Image credit: George Schiavone
By Christine Dolen
David Ives’ New Jerusalem is set in 1656, and it’s about the herem, or excommunication, of philosopher Baruch de Spinoza from Amsterdam’s Talmud Torah congregation.
But as director Joseph Adler’s new production at GableStage demonstrates, the 2008 Off-Broadway play is no stuffy historical drama (though it does unfold in a 17th century synagogue designed by Lyle Baskin, and its characters wear Ellis Tillman’s period costumes).
Yes, the script is grounded in fact and sometimes dense with philosophical and religious debate. But pause a moment to consider the frequent clash of faith-based ideas in our 21st century world, not to mention the sometimes horrific cruelty that can go along with imposing dogmatic religious beliefs on others. New Jerusalem has plenty to say to contemporary audiences.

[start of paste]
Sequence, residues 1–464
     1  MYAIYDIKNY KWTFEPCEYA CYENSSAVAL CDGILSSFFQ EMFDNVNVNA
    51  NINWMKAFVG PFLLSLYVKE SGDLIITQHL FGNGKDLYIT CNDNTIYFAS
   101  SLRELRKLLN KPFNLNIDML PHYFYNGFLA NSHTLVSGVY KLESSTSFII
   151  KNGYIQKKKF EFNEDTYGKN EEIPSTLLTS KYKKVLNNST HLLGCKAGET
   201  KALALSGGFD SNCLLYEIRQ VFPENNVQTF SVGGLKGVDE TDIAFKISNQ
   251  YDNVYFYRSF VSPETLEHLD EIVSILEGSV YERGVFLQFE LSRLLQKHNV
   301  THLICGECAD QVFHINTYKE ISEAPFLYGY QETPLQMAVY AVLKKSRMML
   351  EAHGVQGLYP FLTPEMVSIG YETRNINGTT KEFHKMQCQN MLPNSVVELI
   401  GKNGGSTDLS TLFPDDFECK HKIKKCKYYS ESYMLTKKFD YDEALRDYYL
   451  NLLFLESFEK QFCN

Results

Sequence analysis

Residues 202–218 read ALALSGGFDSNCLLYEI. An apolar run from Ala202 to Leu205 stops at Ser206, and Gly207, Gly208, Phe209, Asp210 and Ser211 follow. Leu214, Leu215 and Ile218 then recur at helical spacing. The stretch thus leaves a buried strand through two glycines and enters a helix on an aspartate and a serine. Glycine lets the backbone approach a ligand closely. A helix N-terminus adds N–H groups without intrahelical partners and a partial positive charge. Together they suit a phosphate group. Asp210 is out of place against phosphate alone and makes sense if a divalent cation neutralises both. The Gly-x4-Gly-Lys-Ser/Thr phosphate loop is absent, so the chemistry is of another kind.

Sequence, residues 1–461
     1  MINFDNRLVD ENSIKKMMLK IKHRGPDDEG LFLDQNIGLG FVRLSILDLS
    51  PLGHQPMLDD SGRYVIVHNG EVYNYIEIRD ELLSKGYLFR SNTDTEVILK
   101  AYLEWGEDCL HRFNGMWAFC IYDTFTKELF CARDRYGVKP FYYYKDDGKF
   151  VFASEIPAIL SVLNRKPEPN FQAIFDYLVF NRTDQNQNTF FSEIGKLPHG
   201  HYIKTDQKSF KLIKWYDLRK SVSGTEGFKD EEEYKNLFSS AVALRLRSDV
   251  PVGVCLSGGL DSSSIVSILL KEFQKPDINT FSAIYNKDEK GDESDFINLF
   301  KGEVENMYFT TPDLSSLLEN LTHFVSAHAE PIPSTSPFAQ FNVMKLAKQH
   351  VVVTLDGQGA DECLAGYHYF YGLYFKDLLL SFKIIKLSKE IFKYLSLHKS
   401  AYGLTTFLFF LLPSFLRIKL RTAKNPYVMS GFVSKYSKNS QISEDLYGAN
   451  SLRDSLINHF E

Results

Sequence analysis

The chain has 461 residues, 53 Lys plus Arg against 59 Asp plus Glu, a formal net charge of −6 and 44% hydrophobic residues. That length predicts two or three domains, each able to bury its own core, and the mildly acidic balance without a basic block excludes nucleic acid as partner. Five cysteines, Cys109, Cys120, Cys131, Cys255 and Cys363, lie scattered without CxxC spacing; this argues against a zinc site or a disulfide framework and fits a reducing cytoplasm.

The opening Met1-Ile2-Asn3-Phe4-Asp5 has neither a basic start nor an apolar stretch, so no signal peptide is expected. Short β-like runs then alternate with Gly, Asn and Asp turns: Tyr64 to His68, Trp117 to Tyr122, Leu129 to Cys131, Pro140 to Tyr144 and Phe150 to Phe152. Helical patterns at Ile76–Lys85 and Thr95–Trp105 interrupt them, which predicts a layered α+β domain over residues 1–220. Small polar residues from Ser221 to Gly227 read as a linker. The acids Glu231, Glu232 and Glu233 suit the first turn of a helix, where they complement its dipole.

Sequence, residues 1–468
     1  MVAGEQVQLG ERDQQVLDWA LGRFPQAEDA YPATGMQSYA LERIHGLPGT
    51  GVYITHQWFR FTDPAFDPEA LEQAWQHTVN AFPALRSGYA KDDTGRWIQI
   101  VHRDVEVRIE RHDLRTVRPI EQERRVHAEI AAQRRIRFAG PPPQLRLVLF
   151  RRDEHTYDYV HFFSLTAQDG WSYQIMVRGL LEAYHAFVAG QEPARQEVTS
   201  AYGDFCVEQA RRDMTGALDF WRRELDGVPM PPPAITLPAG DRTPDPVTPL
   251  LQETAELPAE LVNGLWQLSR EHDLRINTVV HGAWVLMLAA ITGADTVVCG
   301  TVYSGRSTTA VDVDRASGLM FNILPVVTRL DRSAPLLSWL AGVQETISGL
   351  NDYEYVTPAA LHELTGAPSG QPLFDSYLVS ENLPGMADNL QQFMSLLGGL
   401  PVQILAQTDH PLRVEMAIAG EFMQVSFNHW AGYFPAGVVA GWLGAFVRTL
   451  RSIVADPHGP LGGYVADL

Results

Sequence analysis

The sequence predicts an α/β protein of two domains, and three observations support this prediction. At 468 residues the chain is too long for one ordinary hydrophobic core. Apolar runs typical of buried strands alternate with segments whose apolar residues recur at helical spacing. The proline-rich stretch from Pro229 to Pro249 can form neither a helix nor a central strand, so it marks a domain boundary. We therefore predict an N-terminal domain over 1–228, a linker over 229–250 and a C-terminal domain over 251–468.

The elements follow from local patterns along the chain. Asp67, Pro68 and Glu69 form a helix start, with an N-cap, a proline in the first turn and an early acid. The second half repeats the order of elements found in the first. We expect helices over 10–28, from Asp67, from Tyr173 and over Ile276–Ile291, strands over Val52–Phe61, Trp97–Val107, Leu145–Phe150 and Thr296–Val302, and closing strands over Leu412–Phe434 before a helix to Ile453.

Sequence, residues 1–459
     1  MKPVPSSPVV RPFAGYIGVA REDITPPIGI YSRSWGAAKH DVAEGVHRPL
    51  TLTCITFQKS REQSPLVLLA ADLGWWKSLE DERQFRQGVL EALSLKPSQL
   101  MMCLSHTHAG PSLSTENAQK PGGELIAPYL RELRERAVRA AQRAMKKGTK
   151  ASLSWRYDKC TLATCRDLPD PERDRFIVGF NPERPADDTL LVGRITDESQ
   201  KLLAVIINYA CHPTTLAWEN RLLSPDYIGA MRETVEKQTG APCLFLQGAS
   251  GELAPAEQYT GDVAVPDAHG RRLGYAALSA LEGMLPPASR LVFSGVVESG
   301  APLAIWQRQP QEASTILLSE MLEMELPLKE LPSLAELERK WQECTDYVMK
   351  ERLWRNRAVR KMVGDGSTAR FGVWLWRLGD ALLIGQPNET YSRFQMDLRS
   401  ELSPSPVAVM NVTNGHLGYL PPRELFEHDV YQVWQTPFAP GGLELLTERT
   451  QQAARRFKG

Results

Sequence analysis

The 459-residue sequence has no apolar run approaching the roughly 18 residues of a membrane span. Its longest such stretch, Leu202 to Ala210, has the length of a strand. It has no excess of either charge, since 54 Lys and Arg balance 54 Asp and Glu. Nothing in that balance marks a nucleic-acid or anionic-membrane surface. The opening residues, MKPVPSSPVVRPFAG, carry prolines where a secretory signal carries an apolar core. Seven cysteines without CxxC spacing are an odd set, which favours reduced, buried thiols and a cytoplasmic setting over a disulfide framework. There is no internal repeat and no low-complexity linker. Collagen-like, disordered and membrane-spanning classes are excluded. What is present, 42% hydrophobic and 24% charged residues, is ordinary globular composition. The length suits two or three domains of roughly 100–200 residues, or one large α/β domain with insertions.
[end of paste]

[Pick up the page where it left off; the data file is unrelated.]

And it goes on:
Ives, whose plays include All in the Timing, Venus in Fur and adaptations or translations of works by Molière, Feydeau and Mark Twain, imbues his play with the restless philosophical thought of the 23-year-old Baruch de Spinoza (Abdiel Vivancos). Taking place on July 27, 1656 — the day Spinoza was banished for life from Amsterdam’s strictly regulated Jewish community — the courtroom-style drama imagines the audience as the congregation witnessing Spinoza’s examination on charges of atheism and blasphemy.
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